EDITOR’S NOTE: Many Nassau County residents don’t know that St. Marys Riverkeeper, as part of a 15-member network of Riverkeeper organizations in Florida, is responsible for monitoring waterways in two Florida counties, including Nassau. In fact, several of our residents volunteer to help monitor water quality in Nassau. Although the mine discussed in this commentary is in Georgia, it would be a mistake to think that the problem is in “Georgia’s lane,” as one county commissioner recently put it. The pristine St. Marys River washes our boundary for many miles and merges with our own rivers and creeks along the way. It’s our river, too.
By Emily Floore
St. Marys Riverkeeper (Riverkeeper) is a 501(c)3 private environmental advocacy organization formed in 2016 charged with protecting the St. Marys River. Riverkeeper represents the four counties (Camden and Charlton in Georgia and Nassau and Baker in Florida) and many communities sharing stewardship responsibilities for the St. Marys River. The St. Marys River is the focus of the organization’s work to improve water quality in areas designated as swimmable and fishable; ensure the river thrives for future generations through resiliency projects and community partnerships; promote low-impact development in a fast-growing area; seek solutions to water quality issues; and advocate against industrial threats.
The St. Marys River forms the border between Southeast Georgia and Northeast Florida. Arising from the Okefenokee Swamp, the river flows 130 miles to the Atlantic Ocean emptying at Cumberland Island National Seashore. Bookended by two national treasures, our St. Marys River is pristine from Swamp to Sea, but a river is only as healthy as its headwaters and tributaries.
St. Marys Riverkeeper opposes the Mining Land Use Plan Permit submitted by Twin Pines Minerals, LLC (TPM) for Saunders Demonstration Mine in Charlton County, application number SAS-2018-00554-SP-HAR, on the edge of the Okefenokee Swamp and St. Marys River. The company has failed to present compelling evidence that its operation will not irrevocably harm the region’s delicate ecosystem. The St. Marys River watershed is too important to risk for experimental and untested mining methods.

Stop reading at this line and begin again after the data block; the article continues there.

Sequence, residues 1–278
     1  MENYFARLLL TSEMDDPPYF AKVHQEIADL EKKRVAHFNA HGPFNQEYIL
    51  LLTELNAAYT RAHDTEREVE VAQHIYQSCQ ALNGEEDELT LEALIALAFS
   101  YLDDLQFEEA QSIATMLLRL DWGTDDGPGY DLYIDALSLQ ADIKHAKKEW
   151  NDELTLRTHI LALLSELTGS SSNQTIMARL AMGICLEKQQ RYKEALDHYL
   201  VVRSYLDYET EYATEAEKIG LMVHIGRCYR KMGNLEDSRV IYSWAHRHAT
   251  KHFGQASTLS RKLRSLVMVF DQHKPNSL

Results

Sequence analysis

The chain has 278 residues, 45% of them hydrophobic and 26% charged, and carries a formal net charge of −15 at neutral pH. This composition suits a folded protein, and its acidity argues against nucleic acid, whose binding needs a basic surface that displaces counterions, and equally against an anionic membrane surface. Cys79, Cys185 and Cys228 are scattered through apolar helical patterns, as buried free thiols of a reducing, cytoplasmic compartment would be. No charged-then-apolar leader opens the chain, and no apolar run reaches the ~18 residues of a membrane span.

Riverkeeper’s concerns include but are not limited to: water level monitoring, process water management, water withdrawal, and reclamation plan. To read all of Riverkeeper’s concerns, see our Public Comment on our website.
TPM has a poor record for environmental stewardship in Georgia and Florida, each state initiating legal action against the company during the past six years. While processing tailings at two of the four Chemours titanium mines on Trail Ridge in north Florida, TPM spilled wastewater during Hurricane Irma. Because of that and other infractions, TPM is still under a Florida Consent Order.
As a result of their prior experience, there is an expectation for a Land Use Plan that provides an outline of handling environmental catastrophes such as spills, berm breaches, or and other adverse effects. In Georgia, a Clean Water Act civil suit brought against Twin Pines-affiliated companies of Georgia Renewable Power, LLC and Greenfuels Energy LLC in 2019, resulted in a $625,000 settlement for the plaintiffs. Toxins were being illegally discharged into the air and streams resulting in fish kills and compromising wetlands.
On Nov. 22, 2022, the Secretary of the Interior wrote a letter urging the Georgia EPD to protect the Okefenokee Swamp and stated that “The Department will exercise its own authorities to protect the swamp ecosystem and will continue to urge our State and Federal partners to take steps under their own authorities to do the same.” The U.S. EPA and Fish and Wildlife Service have also filed letters of opposition. The evidence and the number of organizations and people in opposition indicate Georgia EPD should reject all state applications from TPM and fulfill their mission to protect and restore Georgia’s and Florida’s environment by taking the lead in ensuring clean air, water, and land.
–Emily Floore, Executive Director/Riverkeeper
St. Marys Riverkeeper